Padre Nico next door: A tribute
The recent passing of Fr. Adolfo Nicolás, SJ, former superior general of the Society of Jesus, deservedly occasioned tributes from his Jesuit confreres and people who knew him from all over the world, for he was an extraordinary man with an equally extraordinary heart.
Padre Nico struck me as a welcoming person, friendly to a fault, with a humility that was embedded deep into his being. Moreover, he had wisdom due to his varied experiences, and an inquisitive mind that probed diverse social issues. He was an authentic critical thinker with depth, whose missionary vocation broke barriers.
What I would like to share is a modest tribute to a great man, from a former Jesuit scholastic who considers him the embodiment of the Jesuit idea of “a companion.”
Padre Nico occupied Room 505 in the corner of the fifth floor of the East Asian Peace Institute, and each time I would be hosted there for a few nights each December for the annual “Waging Peace” gathering during the early 2000s, I was assigned Room 504. It was thus ever so briefly that I came to know Padre Nico, my neighbor next door.
Because I had studied and lived for a decade in Latin America and Padre Nico came from Spain, we made it a point to speak in Spanish while taking walks during evenings after meals, and during breaks of the annual gathering of peace advocates in the campus.
Conversing while walking seems to be in the Jesuits’ blood. It was certainly so in Padre Nico’s case. He enjoyed the evening breeze that one felt while walking under the ancient acacia trees that dotted the campus. But for a man with wide experience in Asia and the Pacific who would later become the moderator of the Jesuit Conference of Provincials for Eastern Asia and Oceania, he was also a man intent on listening.
He asked questions about the peace process in the Philippines, the conflicts then in Sri Lanka, East Timor, Burma, Fiji, and elsewhere in other parts of Asia, Africa, and the Middle East—areas that Alert, our peace-building organization, was interested in. He wanted to explore the origins and causes of human rights violations in Colombia and Peru, countries that I had worked in when I was with Amnesty International.
Padre Nico was a man of no pretense. He was soft-spoken and gentle, friendly and open. I was to find out, when he was designated the superior general of the Jesuits in Borgo S. Spirito in Rome, that he was also a kind and loyal friend even when he had his plate full and the mission would involve harnessing the worldwide resources of the largest group of religious men anywhere in the globe.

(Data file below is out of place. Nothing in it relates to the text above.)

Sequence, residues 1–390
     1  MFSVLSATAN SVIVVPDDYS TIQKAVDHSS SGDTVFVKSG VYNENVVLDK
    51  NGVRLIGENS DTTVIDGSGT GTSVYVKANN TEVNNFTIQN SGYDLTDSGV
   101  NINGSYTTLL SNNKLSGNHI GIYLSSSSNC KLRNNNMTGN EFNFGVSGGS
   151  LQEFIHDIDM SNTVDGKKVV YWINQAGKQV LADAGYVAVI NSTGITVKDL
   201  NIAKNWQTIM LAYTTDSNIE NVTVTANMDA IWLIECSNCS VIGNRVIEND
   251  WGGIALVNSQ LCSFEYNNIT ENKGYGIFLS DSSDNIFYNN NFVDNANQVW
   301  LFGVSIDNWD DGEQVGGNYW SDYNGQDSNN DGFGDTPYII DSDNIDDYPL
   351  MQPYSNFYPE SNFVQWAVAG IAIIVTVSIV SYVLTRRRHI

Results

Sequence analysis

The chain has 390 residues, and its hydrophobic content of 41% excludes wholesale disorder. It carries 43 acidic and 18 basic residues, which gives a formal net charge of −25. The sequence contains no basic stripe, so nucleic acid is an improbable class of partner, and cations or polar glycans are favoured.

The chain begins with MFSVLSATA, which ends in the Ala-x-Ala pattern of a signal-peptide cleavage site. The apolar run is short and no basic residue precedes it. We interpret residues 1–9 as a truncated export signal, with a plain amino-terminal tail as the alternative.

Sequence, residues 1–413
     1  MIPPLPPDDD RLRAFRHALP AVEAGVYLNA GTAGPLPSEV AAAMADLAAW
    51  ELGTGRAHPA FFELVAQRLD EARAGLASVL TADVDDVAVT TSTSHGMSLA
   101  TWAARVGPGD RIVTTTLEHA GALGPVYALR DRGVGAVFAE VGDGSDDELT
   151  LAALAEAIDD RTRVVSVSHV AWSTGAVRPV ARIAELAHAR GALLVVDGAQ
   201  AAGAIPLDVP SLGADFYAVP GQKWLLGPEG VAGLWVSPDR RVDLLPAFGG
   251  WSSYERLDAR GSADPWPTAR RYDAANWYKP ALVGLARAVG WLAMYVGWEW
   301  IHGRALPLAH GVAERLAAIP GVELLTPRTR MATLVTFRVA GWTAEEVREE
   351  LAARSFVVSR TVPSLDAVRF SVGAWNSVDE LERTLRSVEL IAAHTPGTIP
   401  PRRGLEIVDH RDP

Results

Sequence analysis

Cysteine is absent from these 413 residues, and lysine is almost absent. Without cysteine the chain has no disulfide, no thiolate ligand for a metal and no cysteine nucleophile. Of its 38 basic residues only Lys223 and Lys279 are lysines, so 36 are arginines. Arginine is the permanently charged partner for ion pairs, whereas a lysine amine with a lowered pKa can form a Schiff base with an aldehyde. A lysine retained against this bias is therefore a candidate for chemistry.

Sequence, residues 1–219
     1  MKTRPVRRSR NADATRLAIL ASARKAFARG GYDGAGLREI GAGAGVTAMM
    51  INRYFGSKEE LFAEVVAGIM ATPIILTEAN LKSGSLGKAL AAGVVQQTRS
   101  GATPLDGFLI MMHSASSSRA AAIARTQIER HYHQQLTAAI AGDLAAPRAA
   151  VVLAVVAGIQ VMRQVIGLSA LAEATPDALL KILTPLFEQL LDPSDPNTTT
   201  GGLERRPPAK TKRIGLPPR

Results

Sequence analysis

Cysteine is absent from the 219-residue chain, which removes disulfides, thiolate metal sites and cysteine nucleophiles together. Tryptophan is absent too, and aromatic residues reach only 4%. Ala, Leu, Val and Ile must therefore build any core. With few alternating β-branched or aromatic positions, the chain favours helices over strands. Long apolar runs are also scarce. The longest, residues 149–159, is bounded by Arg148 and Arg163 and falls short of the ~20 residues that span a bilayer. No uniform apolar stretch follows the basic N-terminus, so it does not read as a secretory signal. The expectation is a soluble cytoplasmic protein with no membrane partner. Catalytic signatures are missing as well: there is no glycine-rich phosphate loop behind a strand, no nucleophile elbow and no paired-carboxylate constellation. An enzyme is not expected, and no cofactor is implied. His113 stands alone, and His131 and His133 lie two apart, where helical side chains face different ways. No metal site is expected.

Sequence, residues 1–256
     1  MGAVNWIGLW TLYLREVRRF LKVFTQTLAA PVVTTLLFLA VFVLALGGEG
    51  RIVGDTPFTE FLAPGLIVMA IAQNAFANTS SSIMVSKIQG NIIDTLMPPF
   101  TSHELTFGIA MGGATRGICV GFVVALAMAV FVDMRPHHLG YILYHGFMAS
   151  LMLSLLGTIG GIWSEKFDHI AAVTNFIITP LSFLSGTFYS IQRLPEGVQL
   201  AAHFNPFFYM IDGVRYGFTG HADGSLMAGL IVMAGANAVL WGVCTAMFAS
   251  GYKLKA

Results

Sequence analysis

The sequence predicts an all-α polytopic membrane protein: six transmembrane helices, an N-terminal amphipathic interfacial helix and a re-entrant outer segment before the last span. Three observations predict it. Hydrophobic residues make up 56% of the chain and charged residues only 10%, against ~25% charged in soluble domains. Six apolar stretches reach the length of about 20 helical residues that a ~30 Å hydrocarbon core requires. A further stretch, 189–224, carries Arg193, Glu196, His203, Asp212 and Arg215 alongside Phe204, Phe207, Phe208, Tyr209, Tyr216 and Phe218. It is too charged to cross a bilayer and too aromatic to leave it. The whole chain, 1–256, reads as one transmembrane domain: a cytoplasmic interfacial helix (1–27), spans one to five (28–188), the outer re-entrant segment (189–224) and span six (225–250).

From Alert headquarters in London, I would send him the reports and publications of the organization on different countries in conflict and on emerging conflict issues, such as the climate crisis that created climate refugees in different parts of the world. And he would find time to acknowledge them.
Once, after a trip to visit the Pontifical Council for Justice and Peace facilitated by Gerard O’Connell, then already a veteran Vatican correspondent, I made a call to a Filipino Jesuit who worked at the Borgo S. Spirito, where the Jesuit superior general stayed. Even on short notice, Padre Nico found time for a cup of coffee and a brief exchange of greetings.
Padre Nico, the “man with a soulful countenance” that was somehow gladdened with a gentle smile, had the rare gift of making friends with people of different backgrounds and generations. This “companion of Jesus” possessed a warm, welcoming spirit that knew no boundaries, and an inquisitive mind that asked all kinds of questions, because he wanted to be more and do more for others: “Magis!”
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Ed Garcia is a former Jesuit scholastic collaborating with a group of former Jesuits in the Philippines — or XJs — on a compilation of stories to be titled “Companions!”.
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